It is strange to say it, but you would be surprised just how much the Amnesia franchise influenced the horror genre. Back in 2010, there weren’t many games like Amnesia in the market, ones that saw the player have no way of fighting back. Fast forward a few years and you started to see indie games such as Outlast start to appear, which it undoubtedly takes some pointers from. You then had some AAA developers putting out similar types of games too, with Alien Isolation and Resident Evil 7 being the two obvious ones.
Amnesia was also a trendsetter when it came to the Let’s Play scene as it helped usher in a new way of experience games, by watching somebody else play it. This kind of thing was around before then, but Amnesia: The Dark Descent really was a bit of a sensation in this space at the time and caused a huge spike in this area.
Amnesia Collection marks the first time that Nintendo gamers have had the chance to experience the game first hand. It was a PC only title up until 2016 when it released over on the PS4. This collection is based on that version, just with a slightly less amount of polish. It includes the first title, The Dark Descent, its expansion Justine and the sequel, A Machine for Pigs.
All three titles are played from the same first-person viewpoint and they all share the same three basic gameplay elements, exploring your surroundings, interacting with objects and solving puzzles. Each game has differences, but this is ultimately what you will be doing in each title. There are no weapons to be found throughout and darkness is your worst enemy. Each game also spends a lot of time building the atmosphere before any scares even come into question and the sound design of each game ties into this element to create an unsettling feeling throughout each game.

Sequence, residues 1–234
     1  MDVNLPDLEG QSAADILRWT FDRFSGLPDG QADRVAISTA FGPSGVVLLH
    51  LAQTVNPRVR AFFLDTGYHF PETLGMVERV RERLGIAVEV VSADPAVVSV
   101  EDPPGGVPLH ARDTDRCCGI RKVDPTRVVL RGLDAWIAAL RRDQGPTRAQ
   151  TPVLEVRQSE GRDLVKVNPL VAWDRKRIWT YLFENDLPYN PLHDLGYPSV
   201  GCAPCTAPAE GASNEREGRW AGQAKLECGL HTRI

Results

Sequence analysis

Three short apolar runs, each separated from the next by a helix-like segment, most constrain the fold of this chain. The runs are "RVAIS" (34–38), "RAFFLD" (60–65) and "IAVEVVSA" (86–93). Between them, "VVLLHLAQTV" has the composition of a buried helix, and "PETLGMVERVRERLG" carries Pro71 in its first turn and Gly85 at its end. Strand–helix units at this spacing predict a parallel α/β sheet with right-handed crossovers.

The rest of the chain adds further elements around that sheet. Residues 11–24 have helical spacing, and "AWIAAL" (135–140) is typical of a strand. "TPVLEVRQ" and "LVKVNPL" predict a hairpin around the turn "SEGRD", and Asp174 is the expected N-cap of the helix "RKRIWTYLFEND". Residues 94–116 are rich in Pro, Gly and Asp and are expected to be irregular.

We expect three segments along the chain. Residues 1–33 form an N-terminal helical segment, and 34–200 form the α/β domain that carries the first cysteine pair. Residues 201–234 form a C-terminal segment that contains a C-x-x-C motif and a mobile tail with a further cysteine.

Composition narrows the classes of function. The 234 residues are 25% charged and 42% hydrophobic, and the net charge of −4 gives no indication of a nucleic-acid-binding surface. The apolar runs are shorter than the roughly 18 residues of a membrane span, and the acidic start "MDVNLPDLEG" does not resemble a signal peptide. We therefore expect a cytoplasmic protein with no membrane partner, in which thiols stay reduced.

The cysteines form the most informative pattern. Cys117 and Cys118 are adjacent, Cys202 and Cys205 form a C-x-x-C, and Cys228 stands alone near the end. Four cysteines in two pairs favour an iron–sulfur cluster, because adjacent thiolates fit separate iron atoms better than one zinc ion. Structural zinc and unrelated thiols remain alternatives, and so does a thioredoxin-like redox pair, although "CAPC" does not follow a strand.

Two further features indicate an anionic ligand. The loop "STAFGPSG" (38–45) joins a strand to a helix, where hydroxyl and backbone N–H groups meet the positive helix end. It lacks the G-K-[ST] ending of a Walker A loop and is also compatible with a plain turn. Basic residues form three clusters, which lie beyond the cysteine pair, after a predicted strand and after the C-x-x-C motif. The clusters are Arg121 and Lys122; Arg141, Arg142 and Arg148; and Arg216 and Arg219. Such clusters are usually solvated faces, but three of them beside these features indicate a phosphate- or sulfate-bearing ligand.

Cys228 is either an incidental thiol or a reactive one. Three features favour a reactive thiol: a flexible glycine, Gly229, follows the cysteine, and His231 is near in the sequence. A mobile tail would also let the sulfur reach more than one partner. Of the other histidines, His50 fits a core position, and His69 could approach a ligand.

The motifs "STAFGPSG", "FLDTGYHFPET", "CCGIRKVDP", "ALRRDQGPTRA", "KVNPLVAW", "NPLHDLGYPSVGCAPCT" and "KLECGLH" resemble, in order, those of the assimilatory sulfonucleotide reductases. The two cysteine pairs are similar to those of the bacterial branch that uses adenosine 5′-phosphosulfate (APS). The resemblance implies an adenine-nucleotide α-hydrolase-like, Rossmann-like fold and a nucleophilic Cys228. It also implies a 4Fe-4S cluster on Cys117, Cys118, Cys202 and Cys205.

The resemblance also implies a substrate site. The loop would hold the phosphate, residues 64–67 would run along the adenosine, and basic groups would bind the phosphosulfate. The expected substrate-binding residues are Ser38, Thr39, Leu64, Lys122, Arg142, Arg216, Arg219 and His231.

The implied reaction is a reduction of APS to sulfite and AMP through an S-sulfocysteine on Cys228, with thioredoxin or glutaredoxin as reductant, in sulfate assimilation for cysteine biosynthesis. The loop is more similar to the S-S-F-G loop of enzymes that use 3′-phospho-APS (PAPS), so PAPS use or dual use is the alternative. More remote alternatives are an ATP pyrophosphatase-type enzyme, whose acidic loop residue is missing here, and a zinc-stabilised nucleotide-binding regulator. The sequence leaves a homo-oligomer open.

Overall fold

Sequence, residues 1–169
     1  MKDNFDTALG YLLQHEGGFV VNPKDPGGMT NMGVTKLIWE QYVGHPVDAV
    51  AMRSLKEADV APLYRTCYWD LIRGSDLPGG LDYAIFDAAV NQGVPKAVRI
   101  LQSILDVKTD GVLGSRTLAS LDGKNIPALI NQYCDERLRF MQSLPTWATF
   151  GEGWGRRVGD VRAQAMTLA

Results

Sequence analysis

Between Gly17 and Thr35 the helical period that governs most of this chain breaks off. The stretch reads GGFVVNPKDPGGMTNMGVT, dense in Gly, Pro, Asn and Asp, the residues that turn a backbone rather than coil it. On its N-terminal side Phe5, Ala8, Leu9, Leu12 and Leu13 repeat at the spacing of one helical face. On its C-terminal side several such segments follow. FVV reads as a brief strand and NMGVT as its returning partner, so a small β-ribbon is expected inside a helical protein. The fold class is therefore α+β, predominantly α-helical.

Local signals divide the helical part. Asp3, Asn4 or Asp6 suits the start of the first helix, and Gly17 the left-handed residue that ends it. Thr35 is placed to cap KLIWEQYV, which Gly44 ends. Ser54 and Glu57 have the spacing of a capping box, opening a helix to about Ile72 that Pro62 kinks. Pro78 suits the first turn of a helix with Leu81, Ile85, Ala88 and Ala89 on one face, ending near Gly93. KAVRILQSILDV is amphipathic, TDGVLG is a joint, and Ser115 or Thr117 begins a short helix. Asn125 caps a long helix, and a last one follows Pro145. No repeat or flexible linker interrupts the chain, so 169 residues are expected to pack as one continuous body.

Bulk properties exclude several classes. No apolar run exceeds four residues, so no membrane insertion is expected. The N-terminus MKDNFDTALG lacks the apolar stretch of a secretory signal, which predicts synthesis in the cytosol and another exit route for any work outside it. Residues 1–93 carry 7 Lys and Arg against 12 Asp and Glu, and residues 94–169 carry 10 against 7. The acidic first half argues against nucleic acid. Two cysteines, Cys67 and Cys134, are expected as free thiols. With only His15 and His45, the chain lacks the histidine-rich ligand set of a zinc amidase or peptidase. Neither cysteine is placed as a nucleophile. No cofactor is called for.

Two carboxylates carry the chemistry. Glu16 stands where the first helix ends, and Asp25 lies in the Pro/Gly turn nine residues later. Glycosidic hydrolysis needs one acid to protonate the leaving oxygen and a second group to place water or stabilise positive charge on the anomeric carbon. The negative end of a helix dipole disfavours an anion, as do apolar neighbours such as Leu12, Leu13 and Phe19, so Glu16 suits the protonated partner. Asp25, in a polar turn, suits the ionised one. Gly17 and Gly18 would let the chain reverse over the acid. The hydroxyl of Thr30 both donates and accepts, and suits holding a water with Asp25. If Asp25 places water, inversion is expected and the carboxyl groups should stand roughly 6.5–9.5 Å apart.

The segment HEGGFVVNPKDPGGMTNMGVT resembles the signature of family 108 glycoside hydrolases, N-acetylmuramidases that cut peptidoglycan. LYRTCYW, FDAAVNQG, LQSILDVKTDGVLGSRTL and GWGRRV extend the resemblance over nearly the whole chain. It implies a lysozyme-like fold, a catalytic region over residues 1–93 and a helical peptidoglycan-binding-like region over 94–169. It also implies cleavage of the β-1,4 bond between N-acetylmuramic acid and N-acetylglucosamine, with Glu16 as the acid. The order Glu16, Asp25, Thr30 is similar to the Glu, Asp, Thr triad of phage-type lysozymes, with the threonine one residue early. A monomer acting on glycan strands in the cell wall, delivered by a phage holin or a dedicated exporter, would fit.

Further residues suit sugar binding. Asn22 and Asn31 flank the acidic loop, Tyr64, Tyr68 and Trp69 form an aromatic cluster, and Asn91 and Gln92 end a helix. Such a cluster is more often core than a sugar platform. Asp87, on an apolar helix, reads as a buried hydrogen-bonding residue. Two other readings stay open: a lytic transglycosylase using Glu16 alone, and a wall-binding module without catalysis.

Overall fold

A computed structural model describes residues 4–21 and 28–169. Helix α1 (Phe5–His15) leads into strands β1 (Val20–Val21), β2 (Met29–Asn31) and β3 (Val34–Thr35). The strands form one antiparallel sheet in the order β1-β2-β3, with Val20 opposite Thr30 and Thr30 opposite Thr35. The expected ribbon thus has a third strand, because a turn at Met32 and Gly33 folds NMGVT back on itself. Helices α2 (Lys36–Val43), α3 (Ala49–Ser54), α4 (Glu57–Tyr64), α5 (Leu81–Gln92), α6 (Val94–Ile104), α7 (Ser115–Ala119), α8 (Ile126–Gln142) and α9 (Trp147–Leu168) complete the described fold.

To start with, the most popular and best title of the three games in this collection happens to be the original, The Dark Descent. It is one of those games that is often thrown into the hat of best horror titles ever made. While I wouldn’t personally go that far, I would certainly say it’s one of the best in the last decade. I played this title not long after its initial release on the PC way back when and loved it. Back then, I remember it being one of the most terrifying and nerve-wracking games I had ever played. While it doesn’t quite have the same oomph playing now, you will still want to pause the game every now and then to compose yourself. It is up there with the very best.
You take control of Daniel, as he awakens in Brennenburg Castle. It is dark, cold and he has a strong case of Amnesia, the only thing he can remember is his name. Even though the story in Dark Descent isn’t as well rounded or as prominent as it is in A Machine for Pigs, one of the key elements of the game is uncovering the mystery of what Daniel was doing before all of this happened. It helps flesh out the story a little.
When monsters are around, Daniel will lose sanity (which is measured the same way as health) by simply looking at it. You can avoid this by hiding in a way where you are no longer in direct eye contact with the monster and hope that it doesn’t find you. Even before monsters show up, you will learn that Daniel can also be hurt by losing sanity in other ways.